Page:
CH: We now have extended hours to meet the need. We just responded to the community and extended our hours for those parents who do not have a place to send their children during the day. We are working as an essential business because we have parents who work at hospitals and grocery stores and in public transportation. We have hired more maintenance staff, and they are sanitizing the space at the beginning of the day and throughout the day. We are regularly sending emails and reaching out to parents. We are also taking temperatures of participants so that we can remain a safe haven. We have put many methods in place, along with prayer, to make sure that we are giving the community what they need. We are sanitizing everything. We have faith that when it’s time to serve, we will be able to do so. In six days, we have had 212 youth that were not previously enrolled in The Ark, so there is a, and we are doing our best to meet that need.

CG: How can parents enroll their children in The Ark?

CH: Come up to The Ark at 9 am, or anytime, complete the application, and that’s it. Your child is enrolled.

CG: What are the challenges of doing this work?

CH: We’re used to working hard, and we have received a lot of support. But we also get a lot of negativity- folks saying, “why are you open?” But those typically come from people who have somewhere for their child to go. Some people don’t know what it is like not to have a place for your child to go for an eight hour day or trying to leave your child at home. We are just trying to be a safe haven for our community. Our grant providers have asked us to modify things in regards to Coronavirus precautions, but they have not told us to cancel services because they know how important the work is.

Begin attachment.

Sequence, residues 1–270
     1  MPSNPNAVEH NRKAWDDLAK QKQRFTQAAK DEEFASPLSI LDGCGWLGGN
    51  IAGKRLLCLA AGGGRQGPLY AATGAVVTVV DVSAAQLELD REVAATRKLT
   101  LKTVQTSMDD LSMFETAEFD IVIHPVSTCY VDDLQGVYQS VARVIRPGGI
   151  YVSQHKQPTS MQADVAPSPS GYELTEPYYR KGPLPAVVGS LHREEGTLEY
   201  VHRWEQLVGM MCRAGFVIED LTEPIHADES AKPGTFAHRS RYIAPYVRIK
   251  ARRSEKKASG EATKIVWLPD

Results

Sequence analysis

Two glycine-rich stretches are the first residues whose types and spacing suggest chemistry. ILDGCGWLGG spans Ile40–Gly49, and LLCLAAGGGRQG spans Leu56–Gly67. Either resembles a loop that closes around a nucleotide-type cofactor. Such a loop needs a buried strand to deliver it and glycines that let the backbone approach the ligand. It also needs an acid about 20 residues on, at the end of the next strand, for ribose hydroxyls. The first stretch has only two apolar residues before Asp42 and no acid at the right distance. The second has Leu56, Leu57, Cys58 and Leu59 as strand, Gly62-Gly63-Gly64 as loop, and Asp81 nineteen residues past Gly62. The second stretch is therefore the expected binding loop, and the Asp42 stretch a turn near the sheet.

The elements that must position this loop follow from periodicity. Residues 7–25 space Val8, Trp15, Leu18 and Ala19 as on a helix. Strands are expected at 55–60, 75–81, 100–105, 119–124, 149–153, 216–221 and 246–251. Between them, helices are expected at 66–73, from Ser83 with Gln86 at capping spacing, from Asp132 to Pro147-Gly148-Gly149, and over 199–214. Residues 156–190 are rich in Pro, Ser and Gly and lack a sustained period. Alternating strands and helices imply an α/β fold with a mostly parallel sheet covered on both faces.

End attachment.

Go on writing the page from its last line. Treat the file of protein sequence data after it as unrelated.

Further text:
CG: What makes this work meaningful for you?

CH: This work is purpose-filled. When you do what you know, you should be doing; the experience is rewarding. Our goal is to impact, empower, and influence to get our youth in the right space mentally. We all went through something, and it is time for us to be a resource. We can still be the answers to someone else’s problem. When we work with a higher purpose and calling, I believe many people will be blessed because of it.

How can people get involved in supporting this work?

CH: They can call, go on our We are unable to accommodate volunteers during this time due to Coronavirus, but people can drop off donations.

People can donate on the website-cleaning supplies, and snacks are appreciated at this time. They can also check out our website or email us to discuss other ways to partner in the future.


CG: What is one piece of advice you would give someone looking to give back to your community right now?

CH: The most significant thing at this time is prayer. That is one of the most important things because this is beyond us. The truth is it is not our efforts allowing us to do this work right now. Try to figure out the most significant need and try to address that need. Find whatever is placed on your heart, ask others what their need is, and try to help them. For something that has kept us so isolated, I have also seen so much unity. My team and I are doing the best we can to stay healthy and use preventative measures to continue to do this work until God says differently.

For more information on ways to contribute to the work at The Ark@ St. Sabina, please visit their website at

Chante’ Gamby, Contributing Writer


From the Web